Joseph Heller’s Handwritten Outline for Catch-22, One of the Great Novels of the 20th Century

We remem­ber Catch-22, more than half a cen­tu­ry after its pub­li­ca­tion, as a rol­lick­ing satire of Amer­i­can mil­i­tary cul­ture in wartime. But those of us who return to Joseph Heller’s debut nov­el, a cult favorite turned best­seller turned pil­lar of the mod­ern canon, find a much more com­plex piece of work. Heller began writ­ing the man­u­script in 1953, while still employed as a copy­writer at a small adver­tis­ing agency. The project grew in ambi­tion over the next eight years he spent work­ing on it, even­tu­al­ly in col­lab­o­ra­tion with edi­tor Robert Got­tlieb and its oth­er advo­cates at Simon & Schus­ter, the pub­lish­er that had bought it.

When Catch-22 final­ly went into print, one of those advo­cates, an adver­tis­ing man­ag­er named Nina Bourne, launched an aggres­sive one-woman cam­paign to get copies into the hands of all the influ­en­tial read­ers of the day. “You are mis­tak­en in call­ing it a nov­el,” replied Eve­lyn Waugh. “It is a col­lec­tion of sketch­es — often rep­e­ti­tious — total­ly with­out struc­ture.” But the book’s appar­ent­ly free-form nar­ra­tive, full of and often turn­ing on puns and seem­ing­ly far-fetched asso­ci­a­tions, had actu­al­ly come as the prod­uct of a decep­tive com­po­si­tion­al rig­or. As one piece of evi­dence we have Heller’s hand­writ­ten out­line above. (You can also find a more eas­i­ly leg­i­ble ver­sion here.)

The out­line’s grid presents the events of the sto­ry in chrono­log­i­cal order, as the nov­el itself cer­tain­ly does­n’t. The rows of its ver­ti­cal axis run from ear­ly 1944 at the top to Decem­ber 1944 at the bot­tom, and the columns of its hor­i­zon­tal axis lists the book’s major char­ac­ters. They include the pro­tag­o­nist John Yos­sar­i­an, Air Force bom­bardier; the “poor and rus­tic” Orr; Colonel Cath­cart, a “Har­vard grad­u­ate with a cig­a­rette hold­er,” and Major Major, who “looks like Hen­ry Fon­da.” With­in this matrix Heller kept track of what should hap­pen to which char­ac­ters when, at the time of which events of the real war.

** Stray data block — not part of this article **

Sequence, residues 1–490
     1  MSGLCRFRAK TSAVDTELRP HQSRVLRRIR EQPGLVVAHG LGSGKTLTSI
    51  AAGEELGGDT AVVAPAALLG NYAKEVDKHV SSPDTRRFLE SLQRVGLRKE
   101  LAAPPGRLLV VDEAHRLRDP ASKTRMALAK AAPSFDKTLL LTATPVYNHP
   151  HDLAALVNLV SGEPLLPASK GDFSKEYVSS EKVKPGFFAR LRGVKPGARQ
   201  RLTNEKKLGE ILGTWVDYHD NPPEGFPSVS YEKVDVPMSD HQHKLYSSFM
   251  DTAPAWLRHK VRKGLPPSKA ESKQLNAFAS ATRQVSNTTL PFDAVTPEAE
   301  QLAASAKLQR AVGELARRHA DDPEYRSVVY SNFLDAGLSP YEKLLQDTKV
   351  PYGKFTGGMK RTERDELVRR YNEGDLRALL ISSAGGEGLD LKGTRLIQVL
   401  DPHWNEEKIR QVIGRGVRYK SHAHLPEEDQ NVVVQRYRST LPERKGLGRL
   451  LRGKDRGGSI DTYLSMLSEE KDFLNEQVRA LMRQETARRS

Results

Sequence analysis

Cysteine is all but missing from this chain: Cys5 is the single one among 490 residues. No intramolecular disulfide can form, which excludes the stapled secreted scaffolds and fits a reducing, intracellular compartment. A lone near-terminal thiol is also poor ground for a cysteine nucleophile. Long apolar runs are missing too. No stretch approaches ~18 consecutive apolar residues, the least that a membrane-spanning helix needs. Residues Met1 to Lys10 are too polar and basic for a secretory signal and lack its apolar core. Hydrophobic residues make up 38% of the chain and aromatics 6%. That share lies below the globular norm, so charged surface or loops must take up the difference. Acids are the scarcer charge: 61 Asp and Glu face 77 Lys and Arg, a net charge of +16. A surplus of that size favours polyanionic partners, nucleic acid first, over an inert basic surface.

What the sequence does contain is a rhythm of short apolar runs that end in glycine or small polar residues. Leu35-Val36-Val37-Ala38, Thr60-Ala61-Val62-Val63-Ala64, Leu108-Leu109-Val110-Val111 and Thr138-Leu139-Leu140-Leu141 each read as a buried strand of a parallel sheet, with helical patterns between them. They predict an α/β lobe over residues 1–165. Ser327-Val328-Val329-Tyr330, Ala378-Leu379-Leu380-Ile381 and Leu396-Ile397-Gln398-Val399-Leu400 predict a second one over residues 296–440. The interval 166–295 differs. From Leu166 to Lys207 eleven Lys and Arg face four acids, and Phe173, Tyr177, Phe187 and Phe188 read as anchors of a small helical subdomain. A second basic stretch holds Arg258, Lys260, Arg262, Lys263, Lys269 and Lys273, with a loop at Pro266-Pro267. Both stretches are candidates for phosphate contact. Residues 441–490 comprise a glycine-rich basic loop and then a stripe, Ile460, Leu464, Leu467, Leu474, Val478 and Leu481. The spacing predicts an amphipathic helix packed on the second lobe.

The descrip­tions of events sketched on the out­line range from the broad­ly com­ic (“Chap­lain spies Yos­sar­i­an naked in a tree and thinks it is a mys­ti­cal vision”) to the cyn­i­cal (“Milo jus­ti­fies bomb­ing the squadron in terms of free enter­prise and the large prof­it he has made”) to the straight­for­ward­ly bru­tal (“Snow­den is shot through the mid­dle and dies”). Their place­ment togeth­er in the same neu­tral space reflects the sin­gle qual­i­ty that, per­haps more than any oth­er, brought upon the nov­el such a wide range of reac­tions and earned it a last­ing place in not just Amer­i­can lit­er­a­ture but Amer­i­can cul­ture. Look at all the aspects of war straight on, it reminds us still today, and the total pic­ture — bloody and sense­less for the indi­vid­ual par­tic­i­pant, though not with­out its minor tri­umphs and laughs — looks some­thing like absur­dist art.

Relat­ed Con­tent:

Kurt Von­negut Dia­grams the Shape of All Sto­ries in a Master’s The­sis Reject­ed by U. Chica­go

William Faulkn­er Out­lines on His Office Wall the Plot of His Pulitzer Prize Win­ning Nov­el, A Fable (1954)

How J.K. Rowl­ing Plot­ted Har­ry Pot­ter with a Hand-Drawn Spread­sheet

How Famous Writ­ers — From J.K. Rowl­ing to William Faulkn­er — Visu­al­ly Out­lined Their Nov­els

Based in Seoul, Col­in Mar­shall writes and broad­casts on cities and cul­ture. His projects include the book The State­less City: a Walk through 21st-Cen­tu­ry Los Ange­les and the video series The City in Cin­e­ma. Fol­low him on Twit­ter at @colinmarshall or on Face­book.

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